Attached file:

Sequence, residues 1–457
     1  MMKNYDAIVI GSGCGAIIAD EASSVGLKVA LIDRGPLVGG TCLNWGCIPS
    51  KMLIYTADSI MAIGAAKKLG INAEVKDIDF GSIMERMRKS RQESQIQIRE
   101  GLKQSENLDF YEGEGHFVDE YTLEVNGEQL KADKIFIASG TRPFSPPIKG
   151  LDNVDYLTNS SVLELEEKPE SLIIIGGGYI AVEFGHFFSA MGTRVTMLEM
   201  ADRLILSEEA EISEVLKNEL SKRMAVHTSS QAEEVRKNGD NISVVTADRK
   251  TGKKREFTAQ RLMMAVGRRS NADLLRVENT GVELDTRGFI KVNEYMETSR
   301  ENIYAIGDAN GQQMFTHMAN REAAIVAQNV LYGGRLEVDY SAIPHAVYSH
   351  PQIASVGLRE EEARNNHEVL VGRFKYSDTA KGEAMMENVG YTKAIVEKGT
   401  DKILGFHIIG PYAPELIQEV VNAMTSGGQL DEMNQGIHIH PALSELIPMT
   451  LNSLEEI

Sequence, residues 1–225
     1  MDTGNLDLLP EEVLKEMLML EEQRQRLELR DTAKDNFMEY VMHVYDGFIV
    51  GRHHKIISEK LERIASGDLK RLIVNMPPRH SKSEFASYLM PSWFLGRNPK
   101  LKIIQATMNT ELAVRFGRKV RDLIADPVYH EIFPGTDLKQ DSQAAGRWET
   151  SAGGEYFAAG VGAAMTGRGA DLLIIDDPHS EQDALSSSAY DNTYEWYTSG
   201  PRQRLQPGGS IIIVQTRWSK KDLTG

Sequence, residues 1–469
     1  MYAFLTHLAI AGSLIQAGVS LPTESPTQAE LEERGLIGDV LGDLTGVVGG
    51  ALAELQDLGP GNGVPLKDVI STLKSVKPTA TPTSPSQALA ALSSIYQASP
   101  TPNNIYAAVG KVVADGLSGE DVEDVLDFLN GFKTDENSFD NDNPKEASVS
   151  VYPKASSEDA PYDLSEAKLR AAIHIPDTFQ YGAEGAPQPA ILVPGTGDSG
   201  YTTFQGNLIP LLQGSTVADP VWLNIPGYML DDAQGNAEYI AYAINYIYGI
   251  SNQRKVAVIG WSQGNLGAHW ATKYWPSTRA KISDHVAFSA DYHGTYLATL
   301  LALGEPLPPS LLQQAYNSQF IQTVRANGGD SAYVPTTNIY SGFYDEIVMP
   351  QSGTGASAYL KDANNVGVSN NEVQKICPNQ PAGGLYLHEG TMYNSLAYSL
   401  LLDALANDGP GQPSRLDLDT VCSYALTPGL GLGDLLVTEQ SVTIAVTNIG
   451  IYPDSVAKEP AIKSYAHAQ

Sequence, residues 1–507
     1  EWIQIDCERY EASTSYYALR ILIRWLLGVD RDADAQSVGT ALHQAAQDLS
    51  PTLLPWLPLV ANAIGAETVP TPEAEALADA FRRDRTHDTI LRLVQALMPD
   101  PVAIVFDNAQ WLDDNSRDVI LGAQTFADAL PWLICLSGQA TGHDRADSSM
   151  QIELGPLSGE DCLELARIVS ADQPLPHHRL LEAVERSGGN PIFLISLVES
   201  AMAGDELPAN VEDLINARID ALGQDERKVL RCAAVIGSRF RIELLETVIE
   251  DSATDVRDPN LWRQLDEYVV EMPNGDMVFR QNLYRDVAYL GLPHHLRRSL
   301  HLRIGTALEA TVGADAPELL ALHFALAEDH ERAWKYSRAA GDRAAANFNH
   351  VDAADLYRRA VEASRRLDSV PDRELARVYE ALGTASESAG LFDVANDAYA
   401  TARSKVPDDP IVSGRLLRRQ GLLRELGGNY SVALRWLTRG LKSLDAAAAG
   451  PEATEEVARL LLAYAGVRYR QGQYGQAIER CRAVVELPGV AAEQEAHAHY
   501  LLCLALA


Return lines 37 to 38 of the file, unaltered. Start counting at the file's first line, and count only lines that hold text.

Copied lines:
   351  VDAADLYRRA VEASRRLDSV PDRELARVYE ALGTASESAG LFDVANDAYA
   401  TARSKVPDDP IVSGRLLRRQ GLLRELGGNY SVALRWLTRG LKSLDAAAAG